In 1851, a war began in what would become Yosemite National Park, a war against the indigenous inhabitants that has yet to come to a real conclusion. A century later—1951—and about a hundred and fifty miles away, another war began when the U. S. government started setting off nuclear bombs at the Nevada Test Site, in what was called a nuclear testing program but functioned as a war against the land and people of the Great Basin. Savage Dreams is an exploration of these two landscapes. Together they serve as our national Eden and Armageddon and offer up a lot of the history of the west, not only in terms of Indian and environmental wars, but in terms of the relationship between culture—the generation of beliefs and views—and its implementation as politics.
Rebecca Solnit is the author of A Book of Migrations: Some Passages in Ireland (1997), among other books. She lives in San Francisco. In 2003, she was awarded the Lannan Literary Award for Nonfiction.
"A beautiful, absorbing, tragic book. . . . Rebecca Solnit tells this story with the passion and clarity it deserves."—Larry McMurtry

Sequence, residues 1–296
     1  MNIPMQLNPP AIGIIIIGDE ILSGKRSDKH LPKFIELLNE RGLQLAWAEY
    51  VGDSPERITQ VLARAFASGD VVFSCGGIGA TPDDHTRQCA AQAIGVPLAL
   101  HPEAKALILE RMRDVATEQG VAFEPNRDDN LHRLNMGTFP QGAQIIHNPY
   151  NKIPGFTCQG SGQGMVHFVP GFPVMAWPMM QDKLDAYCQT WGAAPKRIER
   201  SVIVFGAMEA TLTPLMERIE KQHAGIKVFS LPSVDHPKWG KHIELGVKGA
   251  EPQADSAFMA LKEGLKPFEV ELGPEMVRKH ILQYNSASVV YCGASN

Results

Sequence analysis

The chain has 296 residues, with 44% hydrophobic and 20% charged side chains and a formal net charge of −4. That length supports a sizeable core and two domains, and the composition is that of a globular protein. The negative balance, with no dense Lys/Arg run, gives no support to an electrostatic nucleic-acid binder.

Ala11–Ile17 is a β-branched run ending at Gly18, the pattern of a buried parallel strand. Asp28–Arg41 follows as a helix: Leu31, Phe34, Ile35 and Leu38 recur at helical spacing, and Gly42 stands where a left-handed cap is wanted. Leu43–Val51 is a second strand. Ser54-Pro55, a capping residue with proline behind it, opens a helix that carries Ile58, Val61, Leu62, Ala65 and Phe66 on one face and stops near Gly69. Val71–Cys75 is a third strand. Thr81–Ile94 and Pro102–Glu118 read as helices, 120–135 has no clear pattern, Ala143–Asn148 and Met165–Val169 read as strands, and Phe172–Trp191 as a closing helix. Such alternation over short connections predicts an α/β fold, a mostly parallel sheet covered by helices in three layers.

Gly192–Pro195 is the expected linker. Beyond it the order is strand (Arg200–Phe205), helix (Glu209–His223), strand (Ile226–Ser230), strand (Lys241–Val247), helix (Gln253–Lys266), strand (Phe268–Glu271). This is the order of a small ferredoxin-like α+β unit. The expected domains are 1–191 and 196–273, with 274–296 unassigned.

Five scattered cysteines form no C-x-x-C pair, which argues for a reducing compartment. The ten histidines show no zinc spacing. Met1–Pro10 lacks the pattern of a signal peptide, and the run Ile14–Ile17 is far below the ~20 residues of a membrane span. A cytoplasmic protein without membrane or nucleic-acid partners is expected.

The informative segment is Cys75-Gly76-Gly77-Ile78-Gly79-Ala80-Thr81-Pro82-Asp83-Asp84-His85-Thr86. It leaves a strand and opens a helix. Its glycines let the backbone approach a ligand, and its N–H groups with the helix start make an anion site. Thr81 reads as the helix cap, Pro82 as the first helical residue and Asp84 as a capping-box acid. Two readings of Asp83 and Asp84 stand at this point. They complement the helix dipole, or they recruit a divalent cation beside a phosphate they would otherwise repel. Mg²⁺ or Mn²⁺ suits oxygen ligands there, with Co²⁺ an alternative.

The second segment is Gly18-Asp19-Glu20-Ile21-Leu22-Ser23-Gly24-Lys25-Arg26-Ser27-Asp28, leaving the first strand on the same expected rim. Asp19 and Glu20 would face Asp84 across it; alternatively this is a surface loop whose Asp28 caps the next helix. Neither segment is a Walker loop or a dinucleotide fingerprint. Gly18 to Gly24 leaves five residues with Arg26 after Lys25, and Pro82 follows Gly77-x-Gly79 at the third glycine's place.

"Savage Dreams summons us to the campfires of resistance."—Mike Davis, author of City of Quartz
"Savage Dreams is about many things: despoliation and restoration, finding a voice between contemporary noise and silence, making friends and enemies. Most of all, though, it may be about a journey into history: about how understanding history and making it are not really very different."—Greil Marcus, author of Lipstick Traces
"A wonderful and important book, weaving past and present, politics and spirituality, land and history, pleasure and outrage, esthetics and activism, into a map where we as Americans find ourselves today. Intellectually challenging but beautifully written and eminently readable, Savage Dreams has both heart and teeth." —Lucy Lippard, author of Overlay: Contemporary Art and the Art of Prehistory
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